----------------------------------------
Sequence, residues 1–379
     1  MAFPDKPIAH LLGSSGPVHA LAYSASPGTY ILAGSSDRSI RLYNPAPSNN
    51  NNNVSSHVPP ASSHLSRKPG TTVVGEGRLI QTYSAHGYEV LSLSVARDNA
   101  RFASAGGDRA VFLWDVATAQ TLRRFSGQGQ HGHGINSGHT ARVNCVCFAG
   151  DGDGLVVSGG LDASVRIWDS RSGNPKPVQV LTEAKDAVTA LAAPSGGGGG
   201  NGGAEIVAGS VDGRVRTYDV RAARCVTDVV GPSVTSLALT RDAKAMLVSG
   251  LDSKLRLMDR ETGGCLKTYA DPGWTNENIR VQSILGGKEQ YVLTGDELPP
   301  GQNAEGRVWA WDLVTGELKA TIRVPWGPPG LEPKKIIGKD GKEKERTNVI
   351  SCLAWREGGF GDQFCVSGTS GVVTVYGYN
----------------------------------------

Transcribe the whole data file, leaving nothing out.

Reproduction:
Sequence, residues 1–379
     1  MAFPDKPIAH LLGSSGPVHA LAYSASPGTY ILAGSSDRSI RLYNPAPSNN
    51  NNNVSSHVPP ASSHLSRKPG TTVVGEGRLI QTYSAHGYEV LSLSVARDNA
   101  RFASAGGDRA VFLWDVATAQ TLRRFSGQGQ HGHGINSGHT ARVNCVCFAG
   151  DGDGLVVSGG LDASVRIWDS RSGNPKPVQV LTEAKDAVTA LAAPSGGGGG
   201  NGGAEIVAGS VDGRVRTYDV RAARCVTDVV GPSVTSLALT RDAKAMLVSG
   251  LDSKLRLMDR ETGGCLKTYA DPGWTNENIR VQSILGGKEQ YVLTGDELPP
   301  GQNAEGRVWA WDLVTGELKA TIRVPWGPPG LEPKKIIGKD GKEKERTNVI
   351  SCLAWREGGF GDQFCVSGTS GVVTVYGYN